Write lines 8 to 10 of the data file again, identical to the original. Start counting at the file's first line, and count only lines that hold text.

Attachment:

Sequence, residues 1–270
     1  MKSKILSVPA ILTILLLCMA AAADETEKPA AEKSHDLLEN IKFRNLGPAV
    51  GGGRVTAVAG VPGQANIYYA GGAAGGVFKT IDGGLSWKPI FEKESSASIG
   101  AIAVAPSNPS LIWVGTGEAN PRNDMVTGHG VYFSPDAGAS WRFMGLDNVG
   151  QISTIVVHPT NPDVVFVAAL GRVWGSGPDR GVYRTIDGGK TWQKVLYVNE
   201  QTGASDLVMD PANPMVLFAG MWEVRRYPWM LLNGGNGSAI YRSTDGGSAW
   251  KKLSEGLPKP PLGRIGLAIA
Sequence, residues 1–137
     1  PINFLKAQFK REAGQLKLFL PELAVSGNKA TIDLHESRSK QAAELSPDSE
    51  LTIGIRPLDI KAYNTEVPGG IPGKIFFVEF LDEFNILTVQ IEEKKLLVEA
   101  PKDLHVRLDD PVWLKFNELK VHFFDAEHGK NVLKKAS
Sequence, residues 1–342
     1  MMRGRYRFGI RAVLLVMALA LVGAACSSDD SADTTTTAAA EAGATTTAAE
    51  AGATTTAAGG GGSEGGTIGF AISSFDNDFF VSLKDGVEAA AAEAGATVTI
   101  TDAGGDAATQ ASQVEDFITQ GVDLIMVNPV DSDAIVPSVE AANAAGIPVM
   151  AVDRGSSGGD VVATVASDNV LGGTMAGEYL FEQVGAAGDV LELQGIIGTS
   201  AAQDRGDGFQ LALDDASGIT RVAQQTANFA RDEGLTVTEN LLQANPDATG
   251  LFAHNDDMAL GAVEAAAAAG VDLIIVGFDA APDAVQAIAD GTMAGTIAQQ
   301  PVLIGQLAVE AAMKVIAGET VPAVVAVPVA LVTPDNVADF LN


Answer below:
Sequence, residues 1–137
     1  PINFLKAQFK REAGQLKLFL PELAVSGNKA TIDLHESRSK QAAELSPDSE
    51  LTIGIRPLDI KAYNTEVPGG IPGKIFFVEF LDEFNILTVQ IEEKKLLVEA